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Then the visitor, passing again through the vestibule {J) and great saloon {B), entered the rooms K, L, and

Book Ii, M. .ATcontained the minerals and fossils of Sir Hans Sloane's Ea°ely collection; L, the shells; M, the plants and insects. Ihtbuthh Thence he passed into N, which was devoted to the bulk of MusiTM, jjjg Sloane Zoological Collection, and into 0, containing artificial and miscellaneous curiosities.

Descending to the floor beneath, by the secondary staircase between iVand 0, the visitor then entered the small room P, which contained the magnetic apparatus given by Dr. Gowin Knight, and the rooms, Q and B, devoted to the reception of the greater part of the Royal Library, restored by Henry, Prince of Wales, and augmented— but with extreme parsimony—by several of the Stuart monarchs, whose additions to the shelves were, indeed, much oftener made of books given, than of books bought. He then passed into Sloane's Printed Library, which occupied the whole of the spacious and handsome suite of rooms S, T, V, W, X, and Y, and (passing through the Trustees' Room Z,) entered the room A A, containing the Edwards Library; ending his tour of inspection in the room B B, in which was arranged the remainder of the old Royal Library, the main portion whereof had been seen already in Q and B.

Rough Diagram, shotting Ground Plan of the original
British Museum of 1759.

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Book 11,
Chap. 1.
Tiik British

Officers' Apartments.


Major Edwards'


Old Itoyal

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When the combined Museum and Libraries, thus arranged, were first opened to the inspection of the curious Public

chM m 1759, the collections enumerated in the Foundation Act

Eabiy 0f 1753 had, it is seen, already received some notable

History or .

Thi Briush increase by gifts. The first donor was the House of Lords,

SElM by whose order the historical collections of Thomas Rymer,

Early •> ,'

Helpirs In royal historiographer, and editor of the Foedera, were given



Growth OF The British Museum.


or THE


ence of

to the Trustees, immediately after their incorporation. Then followed, in 1757, the gift of the Royal Library and that of the Lethieullier Antiquities from Egypt [See Chapter II.] The next donor, in order of time, was a Jewish merchant, and stock-broker, of humble origin, but of princely 1769 disposition. Solomon da Costa was one of the many men

Da Costa's"

Hebkew who have done honour to commerce not merely by its suc—History cessful prosecution, but by the conspicuous union of mercantile astuteness with noble tastes and true beneficence. His talents for business enabled him to make a hundred thousand pounds—which in his day was more, perhaps, than the equivalent of four hundred thousand in ours. He had made it, says a keen observer, who knew the man well, 'without scandal or meanness.' When wealth made him independent, he spent his new leisure, not in luxury but in hard labour for the poor.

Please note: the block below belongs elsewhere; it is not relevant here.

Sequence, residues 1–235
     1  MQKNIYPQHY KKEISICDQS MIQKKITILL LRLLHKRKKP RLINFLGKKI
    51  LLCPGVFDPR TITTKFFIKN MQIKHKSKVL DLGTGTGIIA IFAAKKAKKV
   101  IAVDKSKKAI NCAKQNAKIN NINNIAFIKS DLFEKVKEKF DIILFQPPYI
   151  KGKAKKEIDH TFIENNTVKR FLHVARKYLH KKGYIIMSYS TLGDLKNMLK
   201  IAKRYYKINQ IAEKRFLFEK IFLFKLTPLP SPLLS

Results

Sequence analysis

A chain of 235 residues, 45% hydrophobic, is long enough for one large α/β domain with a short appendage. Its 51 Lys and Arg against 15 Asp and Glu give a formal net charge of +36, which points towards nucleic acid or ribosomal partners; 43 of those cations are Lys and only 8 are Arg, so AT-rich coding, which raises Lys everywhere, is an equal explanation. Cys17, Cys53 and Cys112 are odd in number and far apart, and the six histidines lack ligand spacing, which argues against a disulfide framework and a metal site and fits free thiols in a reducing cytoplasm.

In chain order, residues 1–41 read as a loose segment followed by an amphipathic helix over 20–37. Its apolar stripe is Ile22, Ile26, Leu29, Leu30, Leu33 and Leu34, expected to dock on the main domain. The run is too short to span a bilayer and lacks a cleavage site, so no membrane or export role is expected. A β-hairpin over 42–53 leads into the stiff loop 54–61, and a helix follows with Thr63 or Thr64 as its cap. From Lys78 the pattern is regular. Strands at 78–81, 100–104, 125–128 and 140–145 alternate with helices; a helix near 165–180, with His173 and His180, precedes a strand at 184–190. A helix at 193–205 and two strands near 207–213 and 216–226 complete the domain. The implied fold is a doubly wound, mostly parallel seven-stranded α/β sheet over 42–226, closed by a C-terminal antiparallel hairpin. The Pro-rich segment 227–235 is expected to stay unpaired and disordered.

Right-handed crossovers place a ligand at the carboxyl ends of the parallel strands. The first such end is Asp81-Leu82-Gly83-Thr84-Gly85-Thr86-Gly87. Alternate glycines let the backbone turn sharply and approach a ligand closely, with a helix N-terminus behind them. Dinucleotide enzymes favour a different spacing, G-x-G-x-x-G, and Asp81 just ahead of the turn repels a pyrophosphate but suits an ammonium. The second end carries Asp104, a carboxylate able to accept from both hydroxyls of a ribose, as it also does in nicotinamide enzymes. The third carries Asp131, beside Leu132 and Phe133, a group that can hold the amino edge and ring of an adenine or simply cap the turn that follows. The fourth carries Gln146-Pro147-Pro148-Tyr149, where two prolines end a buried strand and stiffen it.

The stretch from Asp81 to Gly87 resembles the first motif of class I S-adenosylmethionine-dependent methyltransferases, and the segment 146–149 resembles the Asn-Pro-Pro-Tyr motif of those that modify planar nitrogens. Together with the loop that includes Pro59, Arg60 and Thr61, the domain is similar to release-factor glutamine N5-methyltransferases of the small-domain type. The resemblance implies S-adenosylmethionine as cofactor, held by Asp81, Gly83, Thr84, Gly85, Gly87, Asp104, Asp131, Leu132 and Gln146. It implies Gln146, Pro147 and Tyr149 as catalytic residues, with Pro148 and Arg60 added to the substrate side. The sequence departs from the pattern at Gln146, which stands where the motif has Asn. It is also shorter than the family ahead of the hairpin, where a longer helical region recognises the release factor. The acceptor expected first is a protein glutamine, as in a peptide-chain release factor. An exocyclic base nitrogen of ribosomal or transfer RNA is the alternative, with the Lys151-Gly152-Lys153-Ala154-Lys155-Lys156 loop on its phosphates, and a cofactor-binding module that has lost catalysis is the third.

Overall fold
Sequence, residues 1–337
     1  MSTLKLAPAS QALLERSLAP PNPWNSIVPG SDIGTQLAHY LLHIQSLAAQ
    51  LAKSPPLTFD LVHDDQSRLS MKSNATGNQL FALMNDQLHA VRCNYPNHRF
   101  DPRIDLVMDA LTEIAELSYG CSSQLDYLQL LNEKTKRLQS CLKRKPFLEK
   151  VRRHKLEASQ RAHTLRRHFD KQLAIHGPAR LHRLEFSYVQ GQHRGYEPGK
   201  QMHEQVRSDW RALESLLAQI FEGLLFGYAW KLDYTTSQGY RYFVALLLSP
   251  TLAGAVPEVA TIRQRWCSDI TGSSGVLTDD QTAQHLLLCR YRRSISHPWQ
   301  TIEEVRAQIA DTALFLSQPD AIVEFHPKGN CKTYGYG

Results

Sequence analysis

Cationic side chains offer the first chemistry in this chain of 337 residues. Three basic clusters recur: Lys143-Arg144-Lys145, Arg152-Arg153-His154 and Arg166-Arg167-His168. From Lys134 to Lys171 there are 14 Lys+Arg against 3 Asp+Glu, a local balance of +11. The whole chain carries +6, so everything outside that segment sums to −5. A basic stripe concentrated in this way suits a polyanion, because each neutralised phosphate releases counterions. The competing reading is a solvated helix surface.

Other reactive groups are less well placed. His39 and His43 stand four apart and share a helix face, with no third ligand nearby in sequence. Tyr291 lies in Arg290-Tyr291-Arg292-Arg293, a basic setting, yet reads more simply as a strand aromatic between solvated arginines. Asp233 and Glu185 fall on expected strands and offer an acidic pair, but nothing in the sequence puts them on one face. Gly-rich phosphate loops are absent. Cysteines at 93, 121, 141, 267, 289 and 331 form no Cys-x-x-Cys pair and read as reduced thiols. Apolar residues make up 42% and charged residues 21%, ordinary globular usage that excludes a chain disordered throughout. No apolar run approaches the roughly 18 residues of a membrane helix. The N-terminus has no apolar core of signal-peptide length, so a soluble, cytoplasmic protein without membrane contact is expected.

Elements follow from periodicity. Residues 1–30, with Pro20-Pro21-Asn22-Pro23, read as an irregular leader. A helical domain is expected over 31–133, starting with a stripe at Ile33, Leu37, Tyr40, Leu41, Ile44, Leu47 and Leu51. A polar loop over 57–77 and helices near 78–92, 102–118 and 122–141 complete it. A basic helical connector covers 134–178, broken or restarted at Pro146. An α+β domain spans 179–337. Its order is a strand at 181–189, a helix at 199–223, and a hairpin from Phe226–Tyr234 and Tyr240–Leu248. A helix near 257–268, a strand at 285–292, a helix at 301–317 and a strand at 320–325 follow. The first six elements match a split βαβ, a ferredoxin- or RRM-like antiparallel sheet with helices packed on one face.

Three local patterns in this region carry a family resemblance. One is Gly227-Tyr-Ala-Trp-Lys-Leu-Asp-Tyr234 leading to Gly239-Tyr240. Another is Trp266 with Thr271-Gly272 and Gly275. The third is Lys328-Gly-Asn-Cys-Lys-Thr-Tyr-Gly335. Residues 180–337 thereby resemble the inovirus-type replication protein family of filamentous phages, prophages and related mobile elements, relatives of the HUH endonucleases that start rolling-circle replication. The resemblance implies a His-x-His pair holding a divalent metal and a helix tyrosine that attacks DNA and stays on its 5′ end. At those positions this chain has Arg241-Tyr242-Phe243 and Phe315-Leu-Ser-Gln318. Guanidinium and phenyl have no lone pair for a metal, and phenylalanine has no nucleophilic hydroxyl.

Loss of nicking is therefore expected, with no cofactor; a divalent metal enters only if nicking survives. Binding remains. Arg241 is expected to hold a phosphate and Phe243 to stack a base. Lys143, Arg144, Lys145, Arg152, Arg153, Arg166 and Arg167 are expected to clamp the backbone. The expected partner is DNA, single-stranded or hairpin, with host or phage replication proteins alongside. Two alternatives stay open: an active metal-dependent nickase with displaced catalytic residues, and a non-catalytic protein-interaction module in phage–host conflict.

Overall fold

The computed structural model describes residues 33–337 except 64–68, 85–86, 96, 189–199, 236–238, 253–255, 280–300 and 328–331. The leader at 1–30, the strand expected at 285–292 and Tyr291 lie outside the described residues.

Da Costa had come, from Amsterdam, into England, in the year 1704. His struggling Hebrew compatriots were among the earliest sharers in his bounty. But his heart was too large to suffer that bounty to be limited by considerations either of race or of local neighbourhood. To him, as to the Samaritan of old, distress made kinship. He was wont to journey, from time to time, through thirty or forty parishes of Surrey and of Kent, with the punctual diligence of a commercial traveller, simply to succour the distressed by that best of all succour, the provision of means through which, in time, self-help would be developed and ensured. Provident loans, clothing-funds, the education and apprenticeship of necessitous children, were the *00Kn> forms in which Da Costa's benevolence delighted to in- Early vest not only his money, but his personal exertion and his ti,ti°"tmm cordial sympathy. He devoted more than a thousand Uvatv*pounds a year to the benefit of Christian Englishmen, besides all that he gave to the poor of his own faith and race. And to both he gave, without noise or ostentation.

He had, too, the breadth of view which enabled him to put, on their true foot of equality, the claims of the necessitous mind, as well as those of the necessitous body. Unlike many other men of genuine beneficence, popular estimates of giving did not mislead him into one-sidedness of aim.

Within a few years of Da Costa's arrival in England, probably about the year 1720, and when, with youthful ardour, he was seeking to acquire knowledge as well as to make money, he met, at a bookseller's, with a remarkable collection of Hebrew books, of choice editions and in rich and uniform bindings. The collection had that sumptuousness of aspect which invited inquiry into its origin. All that he could learn on that score was the probability that some statesman or other of the Commonwealth period, had collected them for a public but unfulfilled purpose, and that they had fallen—with so much other spoil—into the hands of Chari-es The Second. By that King's order they had received, if not their rich binding, at least his crown and cypher as marks of the royal appropriation, and then (in a truly Carolinian fashion) were left in the hands of the King's stationer for lack of payment of the charge of what—whether binding or mere decoration—had been done to the books by the royal command. Da Costa prized them as among his chief treasures, but directly he heard of the foundation of a great repository of learning,

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